The deal is notable not only because it gives Microsoft (MSFT) sustainable power for its cloud operations in Ireland—the base for the company’s European operations—but because of the nature of the equipment itself, and the implications thereof.
According to Microsoft and GE (GE), this will be Europe’s first wind energy deployment where batteries are integrated into the turbines themselves. The companies will test using these batteries for storing energy and releasing it into the grid when it is needed.
This essentially means Microsoft is getting into the sale of power, not just consumption—it’s buying an Irish energy supply license from GE, and has brought in Dublin-based energy trading company ElectroRoute to provide trading services. The Tullahennel facility, in County Kerry, will provide 37 megawatts of power.
“Our commitment will help bring new, clean energy to the Irish grid, and contains innovative elements that have the potential to grow the capacity, reliability and capability of the grid. This will make it easier to incorporate new clean power sources like wind energy, and that is good for the environment, for Ireland and for our company,” said Microsoft datacenter strategy general manager Christian Belady in a statement.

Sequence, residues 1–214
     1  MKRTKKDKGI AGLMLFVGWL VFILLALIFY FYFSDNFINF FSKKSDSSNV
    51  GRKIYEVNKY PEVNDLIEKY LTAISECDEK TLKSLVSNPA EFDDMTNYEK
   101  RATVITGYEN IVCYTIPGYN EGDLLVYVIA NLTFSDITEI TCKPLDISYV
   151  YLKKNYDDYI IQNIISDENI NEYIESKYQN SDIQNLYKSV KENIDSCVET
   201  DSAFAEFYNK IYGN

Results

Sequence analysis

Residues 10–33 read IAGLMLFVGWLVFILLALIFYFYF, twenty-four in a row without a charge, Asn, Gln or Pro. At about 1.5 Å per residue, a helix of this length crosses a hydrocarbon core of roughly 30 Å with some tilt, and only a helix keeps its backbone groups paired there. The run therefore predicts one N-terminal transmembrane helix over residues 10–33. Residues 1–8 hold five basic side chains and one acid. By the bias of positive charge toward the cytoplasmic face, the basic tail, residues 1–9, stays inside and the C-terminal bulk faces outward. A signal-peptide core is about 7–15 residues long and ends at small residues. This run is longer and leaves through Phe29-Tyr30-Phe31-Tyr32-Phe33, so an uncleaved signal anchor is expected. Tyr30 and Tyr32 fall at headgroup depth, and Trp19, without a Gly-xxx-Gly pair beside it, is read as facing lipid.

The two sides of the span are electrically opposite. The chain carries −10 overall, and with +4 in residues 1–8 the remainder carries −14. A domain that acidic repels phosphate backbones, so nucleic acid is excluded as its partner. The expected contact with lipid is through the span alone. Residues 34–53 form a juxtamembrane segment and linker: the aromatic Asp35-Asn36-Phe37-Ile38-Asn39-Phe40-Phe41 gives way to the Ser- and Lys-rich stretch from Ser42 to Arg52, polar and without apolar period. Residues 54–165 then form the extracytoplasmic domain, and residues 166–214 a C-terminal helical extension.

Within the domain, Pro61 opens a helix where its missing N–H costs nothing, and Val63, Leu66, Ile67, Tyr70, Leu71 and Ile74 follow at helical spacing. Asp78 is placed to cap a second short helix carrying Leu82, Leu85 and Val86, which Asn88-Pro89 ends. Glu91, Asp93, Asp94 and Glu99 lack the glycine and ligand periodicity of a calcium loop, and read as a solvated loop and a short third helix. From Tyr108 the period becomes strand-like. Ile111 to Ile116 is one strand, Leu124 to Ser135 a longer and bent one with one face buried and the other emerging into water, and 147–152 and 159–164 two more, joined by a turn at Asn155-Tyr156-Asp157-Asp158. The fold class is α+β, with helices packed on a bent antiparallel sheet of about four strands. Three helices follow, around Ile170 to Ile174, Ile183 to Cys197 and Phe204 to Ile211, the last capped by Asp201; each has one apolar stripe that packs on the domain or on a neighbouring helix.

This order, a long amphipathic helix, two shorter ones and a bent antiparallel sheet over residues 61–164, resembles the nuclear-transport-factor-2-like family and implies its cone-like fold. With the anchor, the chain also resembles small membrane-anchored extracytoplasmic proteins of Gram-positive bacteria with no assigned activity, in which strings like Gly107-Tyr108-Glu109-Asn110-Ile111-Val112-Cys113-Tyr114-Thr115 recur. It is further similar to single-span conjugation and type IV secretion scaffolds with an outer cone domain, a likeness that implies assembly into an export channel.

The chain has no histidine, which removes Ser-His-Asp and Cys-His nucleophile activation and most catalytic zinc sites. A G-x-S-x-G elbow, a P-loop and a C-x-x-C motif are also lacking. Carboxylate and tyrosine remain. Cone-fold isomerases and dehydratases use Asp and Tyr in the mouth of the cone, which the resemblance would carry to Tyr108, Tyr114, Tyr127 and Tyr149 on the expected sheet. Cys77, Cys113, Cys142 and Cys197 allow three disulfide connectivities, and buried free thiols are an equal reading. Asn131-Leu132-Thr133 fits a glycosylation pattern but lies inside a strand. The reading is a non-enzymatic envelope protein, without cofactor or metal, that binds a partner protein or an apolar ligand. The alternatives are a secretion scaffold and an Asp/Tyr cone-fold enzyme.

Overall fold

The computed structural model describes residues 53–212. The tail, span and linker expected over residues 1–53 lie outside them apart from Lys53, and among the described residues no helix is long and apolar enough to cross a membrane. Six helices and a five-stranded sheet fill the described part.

Microsoft employs around 1,800 people in Ireland, where GE also employs over 1,500 staff.
Technology giants such as Amazon, Google, Apple, and Microsoft are big exponents of sustainable energy, partly for public relations purposes, but also because their data centers use so much power and countries have sustainable energy targets to reach. A recent analysis suggested 15% of Ireland’s total electricity demand will come from data centers by 2026.